Some (but not all) wallets display key information on a small screen – a really important feature that means information can stay within the wallet itself. The reason for this is fairly simple – a Bitcoin wallet is extremely difficult, if not impossible to breach. Your computer on the other hand is extremely vulnerable – so, transmit data from your super secure wallet to your fairly insecure computer – and there you go… a vulnerability.

Having a screen means this vulnerability is removed – as keys do not have to be passed from one device to another.

Hardware wallets have an additional security feature – a button – or maybe two.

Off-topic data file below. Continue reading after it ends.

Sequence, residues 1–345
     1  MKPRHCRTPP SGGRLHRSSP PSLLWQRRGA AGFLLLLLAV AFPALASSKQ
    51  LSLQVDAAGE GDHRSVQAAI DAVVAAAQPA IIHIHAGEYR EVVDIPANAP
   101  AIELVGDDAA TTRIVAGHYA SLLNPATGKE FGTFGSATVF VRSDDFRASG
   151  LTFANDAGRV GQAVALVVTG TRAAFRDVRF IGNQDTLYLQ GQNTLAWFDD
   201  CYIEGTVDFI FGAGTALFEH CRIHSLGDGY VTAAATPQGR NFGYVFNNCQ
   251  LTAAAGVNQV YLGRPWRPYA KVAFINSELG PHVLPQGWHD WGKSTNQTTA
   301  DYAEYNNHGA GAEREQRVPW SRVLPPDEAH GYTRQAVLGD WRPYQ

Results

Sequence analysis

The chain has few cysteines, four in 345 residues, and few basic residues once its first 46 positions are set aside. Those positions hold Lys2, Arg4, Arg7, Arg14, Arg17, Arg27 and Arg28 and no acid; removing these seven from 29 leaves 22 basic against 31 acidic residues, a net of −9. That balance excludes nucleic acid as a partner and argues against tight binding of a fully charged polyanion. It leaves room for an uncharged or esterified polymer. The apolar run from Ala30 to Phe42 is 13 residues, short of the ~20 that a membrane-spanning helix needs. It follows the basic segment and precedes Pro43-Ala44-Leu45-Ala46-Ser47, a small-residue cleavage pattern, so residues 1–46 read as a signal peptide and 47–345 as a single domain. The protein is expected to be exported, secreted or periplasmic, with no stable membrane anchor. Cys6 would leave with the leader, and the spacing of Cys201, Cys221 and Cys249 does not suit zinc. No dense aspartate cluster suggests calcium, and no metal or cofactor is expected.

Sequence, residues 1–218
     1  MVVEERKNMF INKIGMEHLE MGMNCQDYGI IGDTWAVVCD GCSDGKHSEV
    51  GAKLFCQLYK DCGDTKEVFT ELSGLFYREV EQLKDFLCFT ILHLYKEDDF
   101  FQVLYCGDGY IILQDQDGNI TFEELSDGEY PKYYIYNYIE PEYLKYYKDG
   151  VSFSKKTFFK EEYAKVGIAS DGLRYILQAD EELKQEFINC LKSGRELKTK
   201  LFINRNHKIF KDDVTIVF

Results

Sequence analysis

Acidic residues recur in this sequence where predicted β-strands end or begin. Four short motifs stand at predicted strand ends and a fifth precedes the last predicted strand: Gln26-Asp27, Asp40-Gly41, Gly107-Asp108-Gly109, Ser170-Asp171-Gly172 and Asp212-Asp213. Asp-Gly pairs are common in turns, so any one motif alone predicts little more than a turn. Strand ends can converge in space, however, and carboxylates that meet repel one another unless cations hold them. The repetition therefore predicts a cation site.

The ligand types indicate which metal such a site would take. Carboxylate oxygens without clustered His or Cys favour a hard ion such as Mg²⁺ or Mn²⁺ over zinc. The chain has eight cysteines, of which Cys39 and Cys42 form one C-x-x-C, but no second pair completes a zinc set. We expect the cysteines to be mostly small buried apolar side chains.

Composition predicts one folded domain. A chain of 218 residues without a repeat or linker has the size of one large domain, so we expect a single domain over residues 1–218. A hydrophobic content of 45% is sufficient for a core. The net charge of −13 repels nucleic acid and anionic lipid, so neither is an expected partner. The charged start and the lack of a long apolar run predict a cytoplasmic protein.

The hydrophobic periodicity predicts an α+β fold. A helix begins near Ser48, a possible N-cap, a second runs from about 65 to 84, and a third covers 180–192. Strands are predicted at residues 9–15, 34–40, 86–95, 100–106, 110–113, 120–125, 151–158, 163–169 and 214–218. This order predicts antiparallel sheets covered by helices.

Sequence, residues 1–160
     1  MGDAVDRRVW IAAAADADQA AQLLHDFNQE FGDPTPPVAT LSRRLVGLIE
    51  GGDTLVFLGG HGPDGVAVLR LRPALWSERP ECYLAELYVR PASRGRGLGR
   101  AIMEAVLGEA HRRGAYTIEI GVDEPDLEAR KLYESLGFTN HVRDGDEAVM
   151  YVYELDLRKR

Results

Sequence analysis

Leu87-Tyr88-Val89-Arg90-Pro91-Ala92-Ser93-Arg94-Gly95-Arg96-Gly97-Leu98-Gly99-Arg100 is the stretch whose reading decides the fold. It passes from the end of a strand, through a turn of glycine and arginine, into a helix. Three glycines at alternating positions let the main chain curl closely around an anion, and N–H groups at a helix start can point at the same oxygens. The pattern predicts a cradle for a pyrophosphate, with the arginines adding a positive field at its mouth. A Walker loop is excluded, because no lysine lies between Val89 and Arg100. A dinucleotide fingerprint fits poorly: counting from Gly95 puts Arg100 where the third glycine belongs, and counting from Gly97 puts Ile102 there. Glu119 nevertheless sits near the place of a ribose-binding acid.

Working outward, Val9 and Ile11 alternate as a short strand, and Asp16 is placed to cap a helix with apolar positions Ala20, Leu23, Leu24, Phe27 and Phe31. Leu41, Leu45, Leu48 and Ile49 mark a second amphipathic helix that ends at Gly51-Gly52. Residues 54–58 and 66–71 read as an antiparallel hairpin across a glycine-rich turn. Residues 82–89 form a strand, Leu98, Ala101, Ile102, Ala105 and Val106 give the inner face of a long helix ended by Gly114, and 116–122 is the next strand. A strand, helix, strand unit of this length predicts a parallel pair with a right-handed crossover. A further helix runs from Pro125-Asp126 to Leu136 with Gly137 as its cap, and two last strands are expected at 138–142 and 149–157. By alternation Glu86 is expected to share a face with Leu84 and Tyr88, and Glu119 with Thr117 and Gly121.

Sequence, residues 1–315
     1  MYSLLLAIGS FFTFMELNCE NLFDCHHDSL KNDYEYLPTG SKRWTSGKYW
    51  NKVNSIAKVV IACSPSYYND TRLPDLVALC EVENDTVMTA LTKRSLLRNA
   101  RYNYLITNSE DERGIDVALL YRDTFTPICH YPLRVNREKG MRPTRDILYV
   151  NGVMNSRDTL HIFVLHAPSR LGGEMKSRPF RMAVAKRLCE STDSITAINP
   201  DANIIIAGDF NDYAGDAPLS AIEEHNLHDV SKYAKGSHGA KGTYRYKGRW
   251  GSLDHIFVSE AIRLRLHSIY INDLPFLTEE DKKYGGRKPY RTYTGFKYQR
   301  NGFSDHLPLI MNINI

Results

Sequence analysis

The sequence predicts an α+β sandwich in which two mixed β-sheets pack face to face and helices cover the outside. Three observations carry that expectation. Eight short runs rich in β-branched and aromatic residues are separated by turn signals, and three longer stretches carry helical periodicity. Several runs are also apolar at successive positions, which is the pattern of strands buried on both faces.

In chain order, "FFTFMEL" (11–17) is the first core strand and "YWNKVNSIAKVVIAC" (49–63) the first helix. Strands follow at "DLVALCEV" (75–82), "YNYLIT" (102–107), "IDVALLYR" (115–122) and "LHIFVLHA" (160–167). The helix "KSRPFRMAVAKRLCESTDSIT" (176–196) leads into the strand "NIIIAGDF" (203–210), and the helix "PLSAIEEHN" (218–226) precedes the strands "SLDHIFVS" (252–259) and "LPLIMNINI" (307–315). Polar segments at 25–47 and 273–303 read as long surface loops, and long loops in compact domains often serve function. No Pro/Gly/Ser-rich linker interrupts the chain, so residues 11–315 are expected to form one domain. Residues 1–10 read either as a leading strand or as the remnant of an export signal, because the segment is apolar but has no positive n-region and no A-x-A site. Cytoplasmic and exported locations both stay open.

Where clickable buttons are being phased out elsewhere in tech – they still have an extremely important part to play in Bitcoin wallet security – that’s because they can’t be pressed electronically. For instance, you’re about to confirm a transaction – there’s an outside possibility that this transaction isn’t being performed by you – however, since your hardware wallet and button reside in your hand, you’re the only person who can push the button. Simple – but effective.

Buying a hardware wallet

Keen to find out which is the best hardware wallet? Well, the good news is, it’s not going to take you long to research all the possibilities.

Hardware wallets are, for the time being, a very specialised piece of equipment – and the relatively low popularity of cryptocurrency vs. standard currency means you’re not likely to see them on supermarket shelves anytime soon.

We’ll give you an overview of the 2 most popular products on the market today: